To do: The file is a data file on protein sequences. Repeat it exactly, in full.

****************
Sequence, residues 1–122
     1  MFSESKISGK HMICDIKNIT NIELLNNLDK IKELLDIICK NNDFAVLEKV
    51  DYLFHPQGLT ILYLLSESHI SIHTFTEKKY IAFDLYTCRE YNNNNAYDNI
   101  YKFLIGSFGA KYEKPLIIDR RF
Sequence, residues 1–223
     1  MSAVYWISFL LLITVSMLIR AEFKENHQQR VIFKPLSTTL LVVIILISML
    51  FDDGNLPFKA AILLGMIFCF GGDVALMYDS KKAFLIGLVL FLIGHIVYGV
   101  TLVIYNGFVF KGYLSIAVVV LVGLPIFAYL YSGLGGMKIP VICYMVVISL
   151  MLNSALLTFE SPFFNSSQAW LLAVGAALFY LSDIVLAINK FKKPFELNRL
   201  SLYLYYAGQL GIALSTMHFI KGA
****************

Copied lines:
Sequence, residues 1–122
     1  MFSESKISGK HMICDIKNIT NIELLNNLDK IKELLDIICK NNDFAVLEKV
    51  DYLFHPQGLT ILYLLSESHI SIHTFTEKKY IAFDLYTCRE YNNNNAYDNI
   101  YKFLIGSFGA KYEKPLIIDR RF
Sequence, residues 1–223
     1  MSAVYWISFL LLITVSMLIR AEFKENHQQR VIFKPLSTTL LVVIILISML
    51  FDDGNLPFKA AILLGMIFCF GGDVALMYDS KKAFLIGLVL FLIGHIVYGV
   101  TLVIYNGFVF KGYLSIAVVV LVGLPIFAYL YSGLGGMKIP VICYMVVISL
   151  MLNSALLTFE SPFFNSSQAW LLAVGAALFY LSDIVLAINK FKKPFELNRL
   201  SLYLYYAGQL GIALSTMHFI KGA